4 things that could make 2021 another bad year

4 things that could make 2021 another bad year

For most of us, 2020 has been a challenging, silly, mad, awful lot of a year and we were so happy to leave all of this sadness behind approaching midnight on New Year’s Eve to engage with happier times in 2021 with the hope of leaving the pandemic behind and regain normalcy in our day-to-day lives. Now, I don’t want to spill the beans and it even hurts my own confidence to write this, but there is a risk that 2021 could turn out to be as bad as last year, some would say even worst. So, in this article, we will look at 4 things that could make 2021 another bad year.

If you want to stop reading here, you know I understand and feel to do so. But if you are looking for some comfort in this new year, I encourage you to read my other post about the 6 things that could make 2021 a great year!

1 – The virus vaccine and the virus variants

Photo by Mika Baumeister on Unsplash

Scientists all around the world have done an awesome job at getting vaccine solutions out as quickly as 9 months in the pandemic. That’s a heck of a job when you look at the usually average time of 10 YEARS to get vaccines out! Not only that, but governments have been quite efficient on the whole working to tackle logistic challenges such as storage, stocks, transport and deployment. And before I get blasting comments about operations not being flawless, I know there are still some challenges being worked out today and the roll-out isn’t going all that smoothly exactly. So, just safe your ink.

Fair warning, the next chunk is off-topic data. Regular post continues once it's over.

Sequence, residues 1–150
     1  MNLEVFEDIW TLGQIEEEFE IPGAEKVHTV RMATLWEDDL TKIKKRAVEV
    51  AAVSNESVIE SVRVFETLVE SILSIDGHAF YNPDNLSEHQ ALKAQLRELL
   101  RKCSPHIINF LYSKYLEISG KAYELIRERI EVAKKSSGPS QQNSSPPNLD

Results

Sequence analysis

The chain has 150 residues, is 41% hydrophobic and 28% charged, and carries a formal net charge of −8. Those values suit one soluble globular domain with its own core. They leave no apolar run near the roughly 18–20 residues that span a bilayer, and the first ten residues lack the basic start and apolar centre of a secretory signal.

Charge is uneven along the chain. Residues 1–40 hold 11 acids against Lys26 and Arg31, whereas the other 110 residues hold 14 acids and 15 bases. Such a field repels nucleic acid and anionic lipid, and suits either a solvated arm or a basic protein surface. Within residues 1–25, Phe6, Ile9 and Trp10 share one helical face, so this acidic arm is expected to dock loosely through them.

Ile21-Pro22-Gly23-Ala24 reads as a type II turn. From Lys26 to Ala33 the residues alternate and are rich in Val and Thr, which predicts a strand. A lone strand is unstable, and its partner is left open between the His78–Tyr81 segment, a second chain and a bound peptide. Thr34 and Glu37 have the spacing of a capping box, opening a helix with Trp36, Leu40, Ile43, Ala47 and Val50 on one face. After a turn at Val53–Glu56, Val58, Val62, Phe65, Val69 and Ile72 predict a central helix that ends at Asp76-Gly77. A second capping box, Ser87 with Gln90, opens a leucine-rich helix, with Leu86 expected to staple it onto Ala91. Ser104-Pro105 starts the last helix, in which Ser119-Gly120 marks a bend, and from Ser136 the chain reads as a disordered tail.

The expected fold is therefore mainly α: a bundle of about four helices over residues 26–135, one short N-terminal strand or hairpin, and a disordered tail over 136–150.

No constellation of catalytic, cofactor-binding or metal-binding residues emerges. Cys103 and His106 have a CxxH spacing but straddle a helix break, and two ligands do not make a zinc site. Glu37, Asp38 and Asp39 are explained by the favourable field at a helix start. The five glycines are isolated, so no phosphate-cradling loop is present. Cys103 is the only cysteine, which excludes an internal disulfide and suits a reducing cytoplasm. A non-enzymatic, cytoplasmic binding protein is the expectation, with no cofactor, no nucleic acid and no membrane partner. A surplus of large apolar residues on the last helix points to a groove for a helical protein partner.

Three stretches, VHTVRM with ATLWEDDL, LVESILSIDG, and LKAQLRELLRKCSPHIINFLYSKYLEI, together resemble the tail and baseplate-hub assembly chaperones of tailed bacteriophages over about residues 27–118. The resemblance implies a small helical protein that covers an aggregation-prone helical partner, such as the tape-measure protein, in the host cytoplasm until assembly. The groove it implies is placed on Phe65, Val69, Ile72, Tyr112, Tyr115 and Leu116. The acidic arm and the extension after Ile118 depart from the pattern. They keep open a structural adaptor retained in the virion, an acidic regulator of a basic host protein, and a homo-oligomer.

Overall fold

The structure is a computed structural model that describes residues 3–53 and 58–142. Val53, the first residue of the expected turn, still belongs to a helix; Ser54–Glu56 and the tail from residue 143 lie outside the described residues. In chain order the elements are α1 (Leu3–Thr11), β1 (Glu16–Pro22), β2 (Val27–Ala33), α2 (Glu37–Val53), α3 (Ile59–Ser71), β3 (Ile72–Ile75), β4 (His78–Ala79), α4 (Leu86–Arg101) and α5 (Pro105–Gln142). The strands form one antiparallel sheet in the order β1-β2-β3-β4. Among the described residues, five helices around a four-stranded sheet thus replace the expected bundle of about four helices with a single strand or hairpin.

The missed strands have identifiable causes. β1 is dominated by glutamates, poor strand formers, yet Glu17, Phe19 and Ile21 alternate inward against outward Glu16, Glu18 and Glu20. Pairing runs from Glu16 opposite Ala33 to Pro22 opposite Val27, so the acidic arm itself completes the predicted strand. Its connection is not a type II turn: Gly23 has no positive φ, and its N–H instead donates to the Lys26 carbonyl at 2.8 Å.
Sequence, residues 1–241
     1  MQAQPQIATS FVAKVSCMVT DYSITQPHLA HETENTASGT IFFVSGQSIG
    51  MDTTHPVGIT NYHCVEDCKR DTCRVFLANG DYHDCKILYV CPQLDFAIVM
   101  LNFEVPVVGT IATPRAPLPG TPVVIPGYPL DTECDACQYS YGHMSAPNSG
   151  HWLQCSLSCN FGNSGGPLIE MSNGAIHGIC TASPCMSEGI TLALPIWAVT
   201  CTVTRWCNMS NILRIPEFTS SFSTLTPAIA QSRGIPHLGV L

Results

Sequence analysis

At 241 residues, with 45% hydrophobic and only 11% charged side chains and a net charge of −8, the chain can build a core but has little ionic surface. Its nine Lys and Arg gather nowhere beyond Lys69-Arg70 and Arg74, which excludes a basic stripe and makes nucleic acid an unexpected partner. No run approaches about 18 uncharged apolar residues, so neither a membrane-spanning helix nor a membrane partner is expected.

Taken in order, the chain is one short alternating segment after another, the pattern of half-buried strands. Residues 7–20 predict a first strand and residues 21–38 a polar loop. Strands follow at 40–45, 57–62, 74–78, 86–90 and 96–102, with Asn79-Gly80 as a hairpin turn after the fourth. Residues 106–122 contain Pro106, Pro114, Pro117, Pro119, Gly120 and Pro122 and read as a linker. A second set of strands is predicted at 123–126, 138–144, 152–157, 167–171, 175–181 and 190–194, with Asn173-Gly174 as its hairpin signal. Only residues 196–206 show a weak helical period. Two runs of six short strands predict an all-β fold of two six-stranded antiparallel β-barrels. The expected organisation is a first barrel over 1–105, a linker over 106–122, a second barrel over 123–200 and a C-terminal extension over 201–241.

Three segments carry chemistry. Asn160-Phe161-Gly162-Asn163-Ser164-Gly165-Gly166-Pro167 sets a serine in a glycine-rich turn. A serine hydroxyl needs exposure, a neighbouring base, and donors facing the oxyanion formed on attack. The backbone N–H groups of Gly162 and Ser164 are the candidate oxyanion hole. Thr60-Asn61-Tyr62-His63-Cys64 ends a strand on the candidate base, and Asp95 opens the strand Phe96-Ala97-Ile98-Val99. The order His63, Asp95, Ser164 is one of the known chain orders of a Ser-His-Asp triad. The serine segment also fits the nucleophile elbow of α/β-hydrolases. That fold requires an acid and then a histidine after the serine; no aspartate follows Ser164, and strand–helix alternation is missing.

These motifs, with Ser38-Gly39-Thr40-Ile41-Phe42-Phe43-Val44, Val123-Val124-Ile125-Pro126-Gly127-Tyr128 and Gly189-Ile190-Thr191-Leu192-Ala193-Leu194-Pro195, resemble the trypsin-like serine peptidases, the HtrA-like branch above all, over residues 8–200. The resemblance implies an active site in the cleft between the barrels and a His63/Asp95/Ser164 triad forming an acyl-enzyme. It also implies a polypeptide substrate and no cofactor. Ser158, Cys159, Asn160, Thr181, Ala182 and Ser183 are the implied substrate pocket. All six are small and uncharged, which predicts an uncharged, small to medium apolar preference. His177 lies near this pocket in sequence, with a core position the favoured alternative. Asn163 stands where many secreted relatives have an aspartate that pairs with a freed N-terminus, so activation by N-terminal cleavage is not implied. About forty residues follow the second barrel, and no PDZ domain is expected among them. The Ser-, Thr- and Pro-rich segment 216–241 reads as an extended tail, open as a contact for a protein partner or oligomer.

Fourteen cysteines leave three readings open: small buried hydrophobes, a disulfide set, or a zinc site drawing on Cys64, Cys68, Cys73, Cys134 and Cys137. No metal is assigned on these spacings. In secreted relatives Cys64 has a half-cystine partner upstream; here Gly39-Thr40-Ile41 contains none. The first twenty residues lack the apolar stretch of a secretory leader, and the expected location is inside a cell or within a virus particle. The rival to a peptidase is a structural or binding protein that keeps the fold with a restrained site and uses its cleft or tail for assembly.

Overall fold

Precisely, this “after-effect” challenges could cause a flaw in the sought-after plan for mass immunization. With the virus mutating into more insidious, aggressive variants while we see delay in getting vaccinated, the result could be more spreading across countries and a more challenging context to deal with. That would include more lockdowns and shutdowns and more demanding sanitary measures and would be increase the social and economical challenges that we already face.

2 – A new economy for which we are not ready

Photo by Marten Bjork on Unsplash

Even when our economies bounce back, there are great chances that no aspect of our lives will be the same as before. For the most part, the pandemic has changed the way we live, travel, shop and work… And that last one is especially important.

The concept of globalisation has taken a hit in 2020. What had become the absolute normality for our post-Word-War-2 world has been simply put on hold 12 months ago. Complex global supply chains have been overloaded and disrupted. Such a phenomenon demanded serious fixing. And it came in place with scaling-back the scheme and a more regionalized economy. However, using technology companies are able to manufacture quicker and more efficiently… Meaning a product doesn’t necessarily need as much people as it used to for being built and shipped. Therefore, even when countries get back to business as usual, some of us will need additional help to catch-up with a new way of work via learning some new skills, new tools and new processes. 

3 – Political instability